From The Mohave Valley News:
The Arizona Legislature on Tuesday made a formal request asking Congress to fund a study to determine the feasibility of pipelining Mississippi River floodwater to the Colorado River.
House Concurrent Memorial 2004 passed the Arizona Senate by a 23-7 vote and the Arizona House by a 54-6 margin. A memorial is not a law, but a legislative measure containing a request or proposal, asking other parties outside the Arizona Legislature’s jurisdiction to take action. HCMs have no official standing or effect, but serve as a public record of the request presented for consideration.
The memorial was introduced by Rep. Tim Dunn, R-Yuma. Rep. Leo Biasiucci, R-Lake Havasu City, is among co-sponsors.
It asks that “the United States Congress fund a technological and feasibility study of developing a diversion dam and pipeline to harvest floodwater from the Mississippi River to replenish the Colorado River and prevent flood damage along the Mississippi River.”
It also states that “If shown to be feasible, the United States Congress implement the diversion dam and pipeline as a partial solution to the water supply shortage in Lake Powell and Lake Mead and the flood damage that occurs along the Mississippi River.”
Lake Powell and Lake Mead are the two major reservoirs on the Colorado River. Both are at historically low levels and likely will trigger a Tier 1 water emergency in Arizona later this year or in 2022.
The memorial notes the low water levels of both reservoirs and the “historic flooding in 2011 and 2019 along the Mississippi River” that caused 11 deaths and more than $9.5 billion in damage.
It asks that the request be sent to the President of the U.S. Senate, the Speaker of the U.S. House of Representatives and the governors of states on the Mississippi River — Arkansas, Illinois, Iowa, Kentucky, Louisiana, Minnesota, Mississippi, Missouri, Tennessee and Wisconsin — as well as Arizona’s 11 members of Congress.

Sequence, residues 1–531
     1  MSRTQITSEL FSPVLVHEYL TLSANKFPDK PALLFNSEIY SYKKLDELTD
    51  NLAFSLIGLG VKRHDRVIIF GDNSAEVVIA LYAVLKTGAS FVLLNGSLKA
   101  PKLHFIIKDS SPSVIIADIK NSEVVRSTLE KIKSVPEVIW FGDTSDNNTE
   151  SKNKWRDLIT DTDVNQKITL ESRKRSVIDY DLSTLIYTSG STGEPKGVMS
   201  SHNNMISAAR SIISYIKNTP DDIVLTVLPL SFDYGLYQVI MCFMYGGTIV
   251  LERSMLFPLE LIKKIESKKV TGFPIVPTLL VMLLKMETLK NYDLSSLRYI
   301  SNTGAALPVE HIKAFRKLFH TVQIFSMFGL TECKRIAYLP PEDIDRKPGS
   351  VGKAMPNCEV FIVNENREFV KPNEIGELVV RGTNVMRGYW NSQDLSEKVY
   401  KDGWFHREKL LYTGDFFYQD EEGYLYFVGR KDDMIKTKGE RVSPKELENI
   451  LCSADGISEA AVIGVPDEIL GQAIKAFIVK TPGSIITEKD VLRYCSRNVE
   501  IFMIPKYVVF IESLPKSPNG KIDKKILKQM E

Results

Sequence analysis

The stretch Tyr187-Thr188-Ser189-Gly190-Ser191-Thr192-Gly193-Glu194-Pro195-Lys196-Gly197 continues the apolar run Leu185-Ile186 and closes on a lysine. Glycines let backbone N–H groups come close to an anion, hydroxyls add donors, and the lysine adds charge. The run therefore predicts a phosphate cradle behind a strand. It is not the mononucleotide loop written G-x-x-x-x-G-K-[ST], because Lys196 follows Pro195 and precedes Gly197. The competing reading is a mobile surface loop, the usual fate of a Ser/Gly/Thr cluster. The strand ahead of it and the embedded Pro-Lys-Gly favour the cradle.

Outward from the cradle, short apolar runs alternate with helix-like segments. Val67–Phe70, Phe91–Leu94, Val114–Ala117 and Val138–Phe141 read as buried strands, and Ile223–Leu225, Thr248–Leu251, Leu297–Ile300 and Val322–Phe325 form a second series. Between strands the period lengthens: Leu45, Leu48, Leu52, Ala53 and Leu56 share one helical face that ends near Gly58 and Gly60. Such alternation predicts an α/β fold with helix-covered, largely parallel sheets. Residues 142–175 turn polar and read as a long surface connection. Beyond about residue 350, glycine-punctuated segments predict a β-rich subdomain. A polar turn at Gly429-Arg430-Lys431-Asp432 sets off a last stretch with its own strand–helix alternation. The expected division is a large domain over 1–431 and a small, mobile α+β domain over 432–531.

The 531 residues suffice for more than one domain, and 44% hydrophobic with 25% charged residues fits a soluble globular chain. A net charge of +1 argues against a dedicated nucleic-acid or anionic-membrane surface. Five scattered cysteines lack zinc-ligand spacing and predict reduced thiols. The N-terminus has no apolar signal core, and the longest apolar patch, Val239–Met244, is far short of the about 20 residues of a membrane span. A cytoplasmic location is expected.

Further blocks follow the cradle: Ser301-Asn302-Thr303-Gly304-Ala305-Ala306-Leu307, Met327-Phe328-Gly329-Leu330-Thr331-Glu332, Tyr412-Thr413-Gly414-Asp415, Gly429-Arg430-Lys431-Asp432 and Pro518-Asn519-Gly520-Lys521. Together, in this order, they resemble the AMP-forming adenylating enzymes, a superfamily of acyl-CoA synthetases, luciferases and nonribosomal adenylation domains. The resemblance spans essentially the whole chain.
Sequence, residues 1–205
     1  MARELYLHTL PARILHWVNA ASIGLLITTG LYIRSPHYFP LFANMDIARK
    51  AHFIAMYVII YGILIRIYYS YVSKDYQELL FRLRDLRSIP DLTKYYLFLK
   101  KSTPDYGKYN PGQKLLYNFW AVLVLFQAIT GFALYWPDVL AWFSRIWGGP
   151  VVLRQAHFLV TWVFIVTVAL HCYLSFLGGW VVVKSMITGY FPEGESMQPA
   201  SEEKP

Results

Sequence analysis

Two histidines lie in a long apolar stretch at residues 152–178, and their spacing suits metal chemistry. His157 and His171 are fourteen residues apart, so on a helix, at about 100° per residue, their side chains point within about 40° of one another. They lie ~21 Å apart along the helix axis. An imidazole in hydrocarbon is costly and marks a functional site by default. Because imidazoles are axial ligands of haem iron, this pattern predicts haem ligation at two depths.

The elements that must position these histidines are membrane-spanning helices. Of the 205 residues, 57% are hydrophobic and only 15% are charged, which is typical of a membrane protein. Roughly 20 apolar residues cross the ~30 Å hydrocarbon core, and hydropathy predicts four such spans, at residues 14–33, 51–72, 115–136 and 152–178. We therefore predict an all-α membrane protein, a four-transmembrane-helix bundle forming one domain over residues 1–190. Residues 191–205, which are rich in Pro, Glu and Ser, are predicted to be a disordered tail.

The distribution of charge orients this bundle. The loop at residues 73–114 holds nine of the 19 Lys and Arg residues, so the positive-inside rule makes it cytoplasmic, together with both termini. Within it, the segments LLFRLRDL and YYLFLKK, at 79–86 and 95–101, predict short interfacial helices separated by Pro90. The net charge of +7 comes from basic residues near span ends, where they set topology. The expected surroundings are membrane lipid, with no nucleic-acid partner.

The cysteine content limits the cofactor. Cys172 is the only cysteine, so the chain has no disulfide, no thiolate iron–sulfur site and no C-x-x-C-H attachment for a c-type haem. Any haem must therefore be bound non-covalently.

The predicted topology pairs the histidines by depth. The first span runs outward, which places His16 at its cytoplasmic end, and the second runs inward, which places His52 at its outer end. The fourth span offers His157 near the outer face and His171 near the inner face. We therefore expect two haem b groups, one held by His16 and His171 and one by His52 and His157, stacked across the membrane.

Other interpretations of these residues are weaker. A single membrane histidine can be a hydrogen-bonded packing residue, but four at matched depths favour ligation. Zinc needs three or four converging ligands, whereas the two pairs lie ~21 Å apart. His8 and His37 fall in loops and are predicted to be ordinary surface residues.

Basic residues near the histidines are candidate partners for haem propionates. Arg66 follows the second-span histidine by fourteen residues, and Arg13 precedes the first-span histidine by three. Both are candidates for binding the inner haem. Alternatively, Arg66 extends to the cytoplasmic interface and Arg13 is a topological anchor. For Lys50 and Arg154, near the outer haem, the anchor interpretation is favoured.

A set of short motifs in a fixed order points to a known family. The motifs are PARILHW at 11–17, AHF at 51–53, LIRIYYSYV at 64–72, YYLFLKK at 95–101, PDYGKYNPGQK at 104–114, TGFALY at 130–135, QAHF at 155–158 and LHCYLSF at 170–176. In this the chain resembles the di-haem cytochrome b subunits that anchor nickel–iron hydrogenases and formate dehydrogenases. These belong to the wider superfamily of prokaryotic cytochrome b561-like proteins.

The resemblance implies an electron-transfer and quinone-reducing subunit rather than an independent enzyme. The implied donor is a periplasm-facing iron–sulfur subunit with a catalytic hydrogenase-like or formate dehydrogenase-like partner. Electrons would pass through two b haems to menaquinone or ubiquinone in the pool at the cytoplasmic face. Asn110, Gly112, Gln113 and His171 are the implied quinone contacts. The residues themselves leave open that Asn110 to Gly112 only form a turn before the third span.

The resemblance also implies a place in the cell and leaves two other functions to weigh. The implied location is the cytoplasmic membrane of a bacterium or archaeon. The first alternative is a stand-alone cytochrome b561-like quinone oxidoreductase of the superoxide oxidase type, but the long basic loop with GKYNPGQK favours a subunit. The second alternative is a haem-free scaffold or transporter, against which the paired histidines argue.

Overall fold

“Arizona has long been at the forefront among Western states in supporting the development and implementation of pioneering, well-reasoned water management policies,” Dunn said, a line straight out of the HCM he crafted. “Arizona and the other six Colorado Basin states are in the 20th year of severe drought and experiencing a severe water shortage. Water levels are at critical levels, jeopardizing the water delivery and power generation. A new water source could help augment Colorado River supplies.
“One promising possibility involves piping water that is harvested from Mississippi River floodwaters. Diverting this water, which is otherwise lost into the Gulf of Mexico, would also help prevent the loss of human life and billions in economic damages when such flooding occurs. This concept is already being proven in Denver, where floodwater is being successfully harvested from the Missouri River to help alleviate its water shortage.”